Blargh Blog

Wednesday, December 21, 2005

From the Annals of Misleading Research

Did you know that most Democrats think that the government should do stuff to help people? They support New Deal programs, and laws from the 60s and 70s, designed to protect people's health and safety (e.g. the EPA, FDA, & OSHA), provide resources to poor people (e.g. minimum wage laws, progressive taxation), and prevent discrimination (e.g. racial discrimination in hiring). In a recent survey of academics in the humanities and social sciences, the vast majority of self-identified Democrats indicated strong support for each of these policies, while self-identified Republicans had more varied views.

What conclusions can we draw from this research * ? "The left has a narrow tent."

This peculiar spin comes, not from some hackish blog, but from the authors of the study itself, right up front in the abstract, and even in the title "Narrow-Tent Democrats and Fringe Others: The Policy Views of Social Science Professors". Within the paper (pdf), Klein & Stern expand "Clearly, campus diversity does not extend to political/policy ideas and values" (p. 19). "Whereas the Republicans usually have diversity on an issue, the Democrats very often have a party line. It is clear that there is significantly more diversity under the Republican tent" (p. 43). Apparently, not being sure that you want the law to limit human-thumb levels found in meats is "centrist" (p. 20) and brings diversity to academia.

The authors also state that "across the board both groups are simply more statist than the ideal types might suggest." Among the "main results" advanced in their summary (p. 43) are "On the whole, the Democrats and Republicans are quite statist." and "Economists are measurably less statist, but most of them are still quite statist."

Their concluding paragraph is a call to greater libertarian inclusion in politics. The primary focus of their paper is the overrepresentation of the left in academia, but after finding that libertarians are as common as conservatives in academia they show no concern about the possibility that libertarians are overrepresented as well. Instead, they conclude "If freedom is a core political value, then there is something very wrong with a formulation [of American politics] that omits the ideology most aligned with that value" (p. 45).

Would you care to guess at the political ideology of the authors?

Some discussion questions:

1. Come up with a set of policy questions that would show that Republican academics have a "narrower tent" than Democrats (i.e. less variance in their levels of support). Suggested topics: taxes, religion, jurisprudence, terrorism.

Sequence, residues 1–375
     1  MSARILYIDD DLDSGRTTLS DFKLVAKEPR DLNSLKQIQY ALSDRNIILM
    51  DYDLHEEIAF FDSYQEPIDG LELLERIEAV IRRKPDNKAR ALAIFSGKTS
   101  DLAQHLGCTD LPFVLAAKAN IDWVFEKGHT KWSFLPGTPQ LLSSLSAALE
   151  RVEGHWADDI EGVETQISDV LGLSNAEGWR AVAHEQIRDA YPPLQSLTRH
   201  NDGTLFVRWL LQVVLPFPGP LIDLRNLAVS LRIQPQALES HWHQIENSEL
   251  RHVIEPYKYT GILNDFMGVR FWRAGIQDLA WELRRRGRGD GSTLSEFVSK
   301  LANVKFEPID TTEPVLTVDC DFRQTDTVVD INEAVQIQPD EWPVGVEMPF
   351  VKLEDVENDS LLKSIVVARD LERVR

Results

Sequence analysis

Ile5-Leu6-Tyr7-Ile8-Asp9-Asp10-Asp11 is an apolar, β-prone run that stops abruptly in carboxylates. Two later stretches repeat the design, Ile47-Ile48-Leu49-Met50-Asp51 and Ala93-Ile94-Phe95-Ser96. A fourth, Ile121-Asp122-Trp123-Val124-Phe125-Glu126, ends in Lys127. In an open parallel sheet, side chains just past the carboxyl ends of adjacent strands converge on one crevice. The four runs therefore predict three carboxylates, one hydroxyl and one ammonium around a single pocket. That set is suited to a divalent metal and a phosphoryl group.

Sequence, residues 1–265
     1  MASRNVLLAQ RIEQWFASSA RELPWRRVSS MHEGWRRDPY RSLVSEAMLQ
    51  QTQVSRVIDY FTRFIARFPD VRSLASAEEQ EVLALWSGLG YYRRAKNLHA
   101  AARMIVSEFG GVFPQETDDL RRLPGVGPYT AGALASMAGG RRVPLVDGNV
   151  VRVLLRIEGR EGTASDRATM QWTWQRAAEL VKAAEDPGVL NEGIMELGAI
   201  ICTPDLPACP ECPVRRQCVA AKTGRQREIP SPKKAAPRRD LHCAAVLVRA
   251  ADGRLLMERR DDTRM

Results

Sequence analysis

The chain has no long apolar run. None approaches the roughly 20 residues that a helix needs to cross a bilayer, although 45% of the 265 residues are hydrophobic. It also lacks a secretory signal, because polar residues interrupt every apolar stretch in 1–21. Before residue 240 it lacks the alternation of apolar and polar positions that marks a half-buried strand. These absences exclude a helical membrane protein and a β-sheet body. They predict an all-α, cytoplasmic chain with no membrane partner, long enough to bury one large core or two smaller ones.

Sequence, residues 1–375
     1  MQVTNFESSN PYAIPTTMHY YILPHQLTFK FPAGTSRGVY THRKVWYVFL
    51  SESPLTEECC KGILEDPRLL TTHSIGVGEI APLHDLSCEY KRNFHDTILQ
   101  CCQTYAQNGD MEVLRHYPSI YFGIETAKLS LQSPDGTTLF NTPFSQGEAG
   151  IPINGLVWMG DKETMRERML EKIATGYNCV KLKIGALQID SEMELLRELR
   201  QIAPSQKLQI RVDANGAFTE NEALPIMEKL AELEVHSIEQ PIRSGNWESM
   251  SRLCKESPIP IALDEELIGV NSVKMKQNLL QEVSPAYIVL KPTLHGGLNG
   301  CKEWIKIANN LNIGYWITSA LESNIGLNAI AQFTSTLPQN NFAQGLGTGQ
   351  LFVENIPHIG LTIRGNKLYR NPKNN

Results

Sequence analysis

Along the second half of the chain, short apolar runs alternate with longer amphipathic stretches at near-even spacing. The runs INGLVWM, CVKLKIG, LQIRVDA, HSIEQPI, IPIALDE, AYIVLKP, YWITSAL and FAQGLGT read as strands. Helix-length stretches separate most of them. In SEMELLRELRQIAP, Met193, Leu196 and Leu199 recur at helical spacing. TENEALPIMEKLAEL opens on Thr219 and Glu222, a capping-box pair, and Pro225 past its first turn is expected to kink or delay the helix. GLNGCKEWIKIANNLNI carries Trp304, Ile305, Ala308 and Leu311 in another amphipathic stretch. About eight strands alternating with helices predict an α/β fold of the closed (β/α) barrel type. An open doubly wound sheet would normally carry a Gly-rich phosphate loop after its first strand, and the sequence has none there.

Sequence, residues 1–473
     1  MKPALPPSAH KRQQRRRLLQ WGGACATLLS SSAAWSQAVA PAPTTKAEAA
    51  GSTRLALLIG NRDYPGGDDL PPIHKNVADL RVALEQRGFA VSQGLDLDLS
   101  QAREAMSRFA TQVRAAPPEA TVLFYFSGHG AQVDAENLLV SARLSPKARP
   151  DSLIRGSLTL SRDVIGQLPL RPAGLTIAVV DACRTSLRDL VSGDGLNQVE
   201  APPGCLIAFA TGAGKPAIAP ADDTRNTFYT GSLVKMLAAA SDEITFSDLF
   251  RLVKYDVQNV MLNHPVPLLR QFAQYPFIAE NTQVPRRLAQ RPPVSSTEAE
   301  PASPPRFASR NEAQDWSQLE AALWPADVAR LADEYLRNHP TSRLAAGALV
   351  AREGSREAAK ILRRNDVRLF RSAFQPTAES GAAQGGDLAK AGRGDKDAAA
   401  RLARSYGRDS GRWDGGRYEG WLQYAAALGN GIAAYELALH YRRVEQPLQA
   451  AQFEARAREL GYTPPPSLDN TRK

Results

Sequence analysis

2. Come up with a set of policy questions that would show that Republican academics are more statist than Democrats. Suggested topics: homosexuality, adultery, abortion, civil liberties, marijuana, conscription.

3. What are the American people's views on these eighteen questions? Are they more similar, on average, to the academic Democrats, Republicans, or libertarians (or one of the narrower groups that Klein & Stern identify through cluster analysis)? How do non-academic Democrats and Republicans compare to academics who identify with the same party? How does the distribution of Americans' views compare to the distribution of academics' views?

4. Is it a serious flaw of academia that most academics tend to support the laws and policies that currently exist in this country? If diversity of "political/policy ideas and values" is important, how do we decide which of the existing laws and policies should have a large group of opponents in academia?

5. If universities are to blame for conservatives' exclusion from academia, who is to blame for libertarians' exclusion from American politics?

6. Since when are laws regulating air and water quality anti-libertarian? Aren't libertarians the people who say that my right to produce chemicals ends where the other guy's nose begins?

HT: Cowen@MR, Zywicki@Volokh

* The paper actually has 18 different policy questions, but most of the evidence for a "narrow tent" comes from the six questions described in the opening paragraph. You can see the exact pattern of responses in their paper (p. 13-16). Here's a summary.

There are 4 policies that Democrats strongly support (about 75-90% strong support), while Republicans have varied views but lean towards support:

- OSHA workplace safety regulation
- FDA regulation of pharmaceuticals
- EPA regulation of air and water quality
- Anti-discrimination laws that apply to private parties

Here are the 4 policies that Democrats strongly support (about 75-90% strong support), while Republicans have varied views and are about neutral on average:

- Minimum wage laws
- Laws restricting gun ownership
- Redistributive aid programs and taxation
- Government run K-12 schooling

There is one policy that Republicans strongly oppose (about 75% strong opposition), while Democrats have varied views and are about neutral on average:

- Government ownership of industrial enterprises

On all of the other policy issues, both parties have varied responses. There are 4 policies where both parties lean towards support:

- Laws restricting hard drug use
- Using monetary policy to tune the economy
- Using fiscal policy to tune the economy
- Foreign aid

There is one policy where both parties lean towards opposition:

- Tariffs

There are 2 policies where both parties are about neutral on average:

- Laws restricting prostitution
- Laws restricting gambling

There are two policies that Republicans tend to support but Democrats tend to oppose:

- Tighter controls on immigration
- Use of the military for democracy promotion


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